Dead Career - Drafting

If you are thinking about going to school for a Drafting Degree then
RUN!
Drafters draw blueprints and engineers design them. The current
problem is that somehow Drafting and Designing have become synonymous
terms. It used to be that a Drafter would draw blueprints from an
engineer's/architect's verbal instructions and/or the
engineer's/architect's sketches. Now the Drafter is supposed to know
what took an engineer/architect 4+ years to learn. If the Drafter
cannot "pick it up" what took the engineers/architects 4+ years to
learn then they throw you out the back door on your face in the gravel.
Also, Engineers or Architects are refusing to take time to train
Drafters. They say that they don't have time or go grab a book off of
the shelf and figure it out.
A two-year Associate Degree in Drafting WILL NOT prepare you to be an
engineer and do an engineer's job!
I have not designed (like an engineer) commercial buildings or other
engineering projects, but I did draw them by verbal instruction,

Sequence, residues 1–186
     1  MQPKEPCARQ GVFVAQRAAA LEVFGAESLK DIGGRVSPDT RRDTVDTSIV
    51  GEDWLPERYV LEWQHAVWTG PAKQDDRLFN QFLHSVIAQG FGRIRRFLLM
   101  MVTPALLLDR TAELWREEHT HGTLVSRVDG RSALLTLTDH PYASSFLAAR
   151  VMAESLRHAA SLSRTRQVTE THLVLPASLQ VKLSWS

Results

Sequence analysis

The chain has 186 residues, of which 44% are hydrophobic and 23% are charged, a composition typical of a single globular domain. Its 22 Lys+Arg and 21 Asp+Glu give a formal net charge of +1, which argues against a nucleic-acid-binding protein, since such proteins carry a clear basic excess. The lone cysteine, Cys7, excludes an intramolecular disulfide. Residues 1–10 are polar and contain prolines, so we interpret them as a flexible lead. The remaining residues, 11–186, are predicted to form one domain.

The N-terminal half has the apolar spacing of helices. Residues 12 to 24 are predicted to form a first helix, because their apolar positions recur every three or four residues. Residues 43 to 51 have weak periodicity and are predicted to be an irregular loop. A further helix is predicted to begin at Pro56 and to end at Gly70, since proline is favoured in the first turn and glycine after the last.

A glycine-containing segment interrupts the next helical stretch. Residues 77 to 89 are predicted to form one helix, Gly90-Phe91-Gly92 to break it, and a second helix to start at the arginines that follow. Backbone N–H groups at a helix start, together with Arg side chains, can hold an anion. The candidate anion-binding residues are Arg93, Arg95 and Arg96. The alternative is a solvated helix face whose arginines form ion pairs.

engineering sketches and blueprints.
My Computer Aided Drafting degree, basically, prepared me to draw
blueprints using AutoCAD software. Unfortunately, the local Drafting
courses in Kentucky, the Two-Year Drafting programs, do not prepare you
to do engineering design work (what engineers due with a 4+ year
degree).
Typically, all students come out ready to draw blueprints, as Drafters
have always done in the past, but not design without a Bachelors degree
like an engineer is trained to do.
Today, for the modern Drafter, it is turning into the old catch 22
you-need-experience situation. No one has time or is willing to train
yet they demand experience. Furthermore, if you can't "pick up" what